Putin’s ‘Deluded’ Ukraine War Approach Shows Autocracies’ Weakness: Expert

Putin’s ‘Deluded’ Ukraine War Approach Shows Autocracies’ Weakness: Expert


Sir Lawrence Freedman, an emeritus professor of war studies at King’s College London, said Russian President Vladimir Putin’s strategy in Ukraine is “deluded,” adding that his actions demonstrate the weakness of autocracies.

Putin launched the full-scale invasion on Russia’s Eastern European neighbor nearly six months ago on February 24. The Russian president reportedly believed that his military would quickly take control of large swaths of the country and easily topple the government in Kyiv.

Half a year later, Putin’s forces have made relatively minimal gains and continue to face fierce resistance from the Ukrainian military and its people. The population has largely united in fierce opposition to Moscow’s aggression.

The Russian president’s “approach to the current Ukraine conflict has clearly been deluded. You have to assume he didn’t realize the gamble he was taking. He genuinely thought Ukraine would crumble quite quickly, and it’s hard to know why,” Freedman told The Guardian in comments published in a Sunday article.

Russian President
Above, Russian President Vladimir Putin and his government’s Defence Minister Sergei Shoigu are seen on Monday in Kubinka, Russia. In comments published by “The Guardian” on Sunday, Sir Lawrence Freedman said that Putin’s strategy in Ukraine has been “deluded.”
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“Even those [foreign] analysts who thought Ukraine’s military might not do well didn’t believe that the Ukrainian people would succumb,” said the professor, who wrote a book called Ukraine and the Art of Strategy in 2019.

Freedman added that autocracies, like Putin’s Russia, are prone to bad decision-making.

“Autocracies don’t have the feedback mechanism, and dig themselves in by believing that the advantage of autocracy is bold and decisive decision-making,” he said. “While in certain circumstances you can tolerate quite a lot of bad decision-making and come out all right, because you have superior numbers, where it is very tight, one poor decision or bit of bad luck can put you out completely.”

Newsweek reached out to Russia’s Foreign Ministry for comment.

Contrary to the Kremlin’s reported belief that it would be seen as a saving force by many Ukrainians, analysts have said that Moscow’s assault has turned many previously pro-Russian Ukrainians against Putin’s government. Meanwhile, Ukraine’s military forces have shown significant skill at defending their country, giving Moscow a series of embarrassing defeats and setbacks throughout the course of the war.

Russian troops have suffered a massive number of casualties throughout the conflict. Colin Kahl, a U.S. Department of Defense official, estimated earlier this month that Putin’s forces have seen up to 80,000 casualties in under six months. To put that number in perspective, the United States saw less than 2,500 deaths in nearly two decades of war in Afghanistan, with less than 21,000 American service members wounded.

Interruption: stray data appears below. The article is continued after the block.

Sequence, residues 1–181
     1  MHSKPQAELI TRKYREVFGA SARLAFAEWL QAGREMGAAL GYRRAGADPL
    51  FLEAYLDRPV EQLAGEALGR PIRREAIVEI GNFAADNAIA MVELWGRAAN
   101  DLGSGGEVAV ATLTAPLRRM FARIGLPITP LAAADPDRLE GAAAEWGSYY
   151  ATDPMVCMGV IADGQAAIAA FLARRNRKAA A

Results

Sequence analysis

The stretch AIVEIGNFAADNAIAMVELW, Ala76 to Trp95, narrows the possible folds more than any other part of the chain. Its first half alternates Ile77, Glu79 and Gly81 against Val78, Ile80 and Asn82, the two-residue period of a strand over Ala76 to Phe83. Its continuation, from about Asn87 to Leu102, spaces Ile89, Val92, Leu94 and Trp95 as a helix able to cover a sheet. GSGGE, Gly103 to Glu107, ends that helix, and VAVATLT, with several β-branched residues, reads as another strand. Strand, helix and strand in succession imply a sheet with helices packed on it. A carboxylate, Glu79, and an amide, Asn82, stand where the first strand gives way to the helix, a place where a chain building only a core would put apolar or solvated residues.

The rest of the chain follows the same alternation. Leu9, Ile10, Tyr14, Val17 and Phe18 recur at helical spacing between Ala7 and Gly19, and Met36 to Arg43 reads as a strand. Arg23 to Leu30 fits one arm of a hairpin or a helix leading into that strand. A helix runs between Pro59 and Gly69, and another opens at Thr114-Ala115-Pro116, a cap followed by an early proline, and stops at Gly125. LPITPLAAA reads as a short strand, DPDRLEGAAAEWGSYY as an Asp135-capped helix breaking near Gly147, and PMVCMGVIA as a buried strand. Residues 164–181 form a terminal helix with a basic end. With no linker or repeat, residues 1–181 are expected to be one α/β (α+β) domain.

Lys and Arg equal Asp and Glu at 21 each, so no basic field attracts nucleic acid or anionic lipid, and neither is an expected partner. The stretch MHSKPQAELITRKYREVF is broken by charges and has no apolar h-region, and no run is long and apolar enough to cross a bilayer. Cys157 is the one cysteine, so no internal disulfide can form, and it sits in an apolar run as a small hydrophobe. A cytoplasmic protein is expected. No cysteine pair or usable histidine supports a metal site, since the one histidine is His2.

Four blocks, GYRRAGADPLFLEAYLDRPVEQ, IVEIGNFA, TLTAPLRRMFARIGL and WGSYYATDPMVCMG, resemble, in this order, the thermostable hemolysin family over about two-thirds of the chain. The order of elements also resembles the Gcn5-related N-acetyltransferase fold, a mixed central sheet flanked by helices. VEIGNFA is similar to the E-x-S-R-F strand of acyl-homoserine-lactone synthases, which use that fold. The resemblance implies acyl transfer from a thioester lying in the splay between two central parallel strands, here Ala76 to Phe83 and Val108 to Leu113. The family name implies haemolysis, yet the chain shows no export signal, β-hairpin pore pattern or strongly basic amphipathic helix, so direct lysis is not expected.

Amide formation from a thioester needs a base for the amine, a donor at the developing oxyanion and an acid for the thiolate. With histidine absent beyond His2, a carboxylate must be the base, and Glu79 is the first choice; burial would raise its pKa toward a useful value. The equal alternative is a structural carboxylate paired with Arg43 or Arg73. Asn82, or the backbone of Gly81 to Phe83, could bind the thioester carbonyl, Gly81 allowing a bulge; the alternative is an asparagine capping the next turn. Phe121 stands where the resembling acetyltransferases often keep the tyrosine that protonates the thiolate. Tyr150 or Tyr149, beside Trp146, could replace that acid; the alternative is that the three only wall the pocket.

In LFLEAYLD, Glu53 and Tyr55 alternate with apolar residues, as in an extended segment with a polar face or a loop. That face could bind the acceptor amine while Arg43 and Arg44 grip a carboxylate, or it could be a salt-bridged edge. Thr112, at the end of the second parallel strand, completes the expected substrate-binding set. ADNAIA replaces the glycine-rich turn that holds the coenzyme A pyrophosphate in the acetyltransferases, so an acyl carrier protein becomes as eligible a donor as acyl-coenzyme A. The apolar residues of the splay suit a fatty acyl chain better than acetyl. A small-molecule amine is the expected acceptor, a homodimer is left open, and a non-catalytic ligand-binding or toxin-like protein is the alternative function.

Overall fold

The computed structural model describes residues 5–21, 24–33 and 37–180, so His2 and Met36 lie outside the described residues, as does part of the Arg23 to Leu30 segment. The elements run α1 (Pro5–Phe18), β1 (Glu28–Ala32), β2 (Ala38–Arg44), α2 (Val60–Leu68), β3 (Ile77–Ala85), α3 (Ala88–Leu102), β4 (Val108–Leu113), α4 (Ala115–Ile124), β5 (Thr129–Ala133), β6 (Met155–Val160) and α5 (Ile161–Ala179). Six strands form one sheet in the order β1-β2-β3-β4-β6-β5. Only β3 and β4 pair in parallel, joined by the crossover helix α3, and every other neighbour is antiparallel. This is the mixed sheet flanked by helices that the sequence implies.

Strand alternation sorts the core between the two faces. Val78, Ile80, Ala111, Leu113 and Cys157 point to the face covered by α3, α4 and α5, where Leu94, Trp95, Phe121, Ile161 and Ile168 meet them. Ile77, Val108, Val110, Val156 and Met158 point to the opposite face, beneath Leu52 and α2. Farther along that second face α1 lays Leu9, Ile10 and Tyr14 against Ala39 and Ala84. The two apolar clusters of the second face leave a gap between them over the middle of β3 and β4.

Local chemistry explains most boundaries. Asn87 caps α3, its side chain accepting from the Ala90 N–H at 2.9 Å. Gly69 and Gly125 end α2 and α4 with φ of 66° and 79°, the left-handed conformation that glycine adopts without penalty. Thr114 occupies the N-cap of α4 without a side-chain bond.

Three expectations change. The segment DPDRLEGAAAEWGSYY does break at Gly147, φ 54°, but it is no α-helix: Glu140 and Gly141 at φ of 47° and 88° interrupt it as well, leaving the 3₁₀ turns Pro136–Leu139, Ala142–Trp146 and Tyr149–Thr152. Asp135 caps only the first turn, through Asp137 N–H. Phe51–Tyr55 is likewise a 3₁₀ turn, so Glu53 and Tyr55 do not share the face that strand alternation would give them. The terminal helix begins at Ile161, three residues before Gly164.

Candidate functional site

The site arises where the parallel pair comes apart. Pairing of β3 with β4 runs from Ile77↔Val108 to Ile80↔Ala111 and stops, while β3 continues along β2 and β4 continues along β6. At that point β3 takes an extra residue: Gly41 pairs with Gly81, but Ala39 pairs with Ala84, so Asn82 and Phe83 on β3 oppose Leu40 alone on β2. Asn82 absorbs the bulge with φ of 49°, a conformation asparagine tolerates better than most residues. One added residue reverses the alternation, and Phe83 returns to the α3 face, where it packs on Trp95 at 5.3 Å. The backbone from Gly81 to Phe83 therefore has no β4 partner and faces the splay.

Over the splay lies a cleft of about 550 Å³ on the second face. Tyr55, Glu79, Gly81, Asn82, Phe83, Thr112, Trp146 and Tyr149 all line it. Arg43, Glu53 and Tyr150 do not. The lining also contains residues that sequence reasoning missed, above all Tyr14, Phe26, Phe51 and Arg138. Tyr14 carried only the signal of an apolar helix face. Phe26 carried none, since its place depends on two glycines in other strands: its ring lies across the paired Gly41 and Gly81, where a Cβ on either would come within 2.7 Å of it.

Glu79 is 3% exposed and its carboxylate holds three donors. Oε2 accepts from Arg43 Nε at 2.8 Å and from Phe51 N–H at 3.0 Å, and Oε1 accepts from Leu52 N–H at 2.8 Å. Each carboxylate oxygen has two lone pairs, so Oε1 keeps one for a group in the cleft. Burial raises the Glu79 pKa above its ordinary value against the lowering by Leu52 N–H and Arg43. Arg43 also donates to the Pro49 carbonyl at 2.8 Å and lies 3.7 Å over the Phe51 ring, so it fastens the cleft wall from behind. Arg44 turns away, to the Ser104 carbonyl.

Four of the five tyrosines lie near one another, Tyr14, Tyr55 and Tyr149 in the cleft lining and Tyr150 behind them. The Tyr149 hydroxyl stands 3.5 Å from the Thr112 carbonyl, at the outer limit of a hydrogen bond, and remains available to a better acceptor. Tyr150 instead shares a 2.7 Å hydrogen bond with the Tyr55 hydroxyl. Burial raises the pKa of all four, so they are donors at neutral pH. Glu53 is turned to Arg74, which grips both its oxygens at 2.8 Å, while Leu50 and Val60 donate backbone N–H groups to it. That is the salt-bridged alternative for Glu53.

Retired U.S. Navy Admiral James Stavridis, the former commander of NATO’s Allied Command Operations, knocked Russia’s “bad strategy” in Ukraine during a Thursday interview on MSNBC. His remarks came after a segment outlining the design flaws of Russian tanks, which Ukrainians are exploiting in order to destroy them more easily.

“You remember when the flagship of the Black Sea fleet blew up and sank? Killing 500 Russians,” Stavridis said. “That’s a Slava class cruiser. It has dozens of cruise missiles topside around its bridge, if you will. This is like driving around in your car with 5-gallon jugs of gasoline surrounding you in the front seat. What do you think’s gonna happen?”

Ukraine managed to sink Russia’s flagship Moskva guided-missile cruiser, which was carrying 510 crew members, in mid-April. It was seen as a deeply embarrassing loss for the Kremlin as it was the largest Russian warship sunk in combat since World War II.

“Just bad design, bad tactics, bad strategy,” Stavridis said. Although the retired admiral said Russia still has “a lot of fire power and a lot of capability,” he added that Putin’s “hand of cards [is] not enviable at this point.”

Retired U.S. Army General Mark Hertling pointed out in a Saturday Twitter thread that Russia’s initial goals in the war were beyond its capabilities.

“Reducing the goals didn’t help. Now, RU’s defending in more places against a growing conventional UA threat & an expanded guerilla war. UKR has transitioned to the offense & can pick where they attack; RU is now on the defense,” Hertling wrote.

Russian officials have attempted to justify their so-called “special military operation” in Ukraine by bizarrely claiming that the country is led by “neo-Nazis” and needs to be “de-Nazified.” They also claim there is a “genocide” of native Russian speakers in the Eastern European country.

In reality, Ukraine’s President Volodymyr Zelensky is a native Russian speaker and Jewish, who had family members die during the Holocaust that was perpetuated by the Nazis during World War II. He was elected with about three-quarters of the vote in 2019, when Ukraine’s prime minister was also Jewish, which would counter Russia’s claims that Ukrainians have adopted a “Nazi” ideology.

Putin has also referenced the former Russian Empire and the Soviet Union, suggesting that Moscow has a right to Ukraine and other territories that were previously part of its historic territory. Meanwhile, Ukraine is about to celebrate its independence day on Wednesday, marking 21 years since it declared its freedom from the now-defunct Soviet Union.


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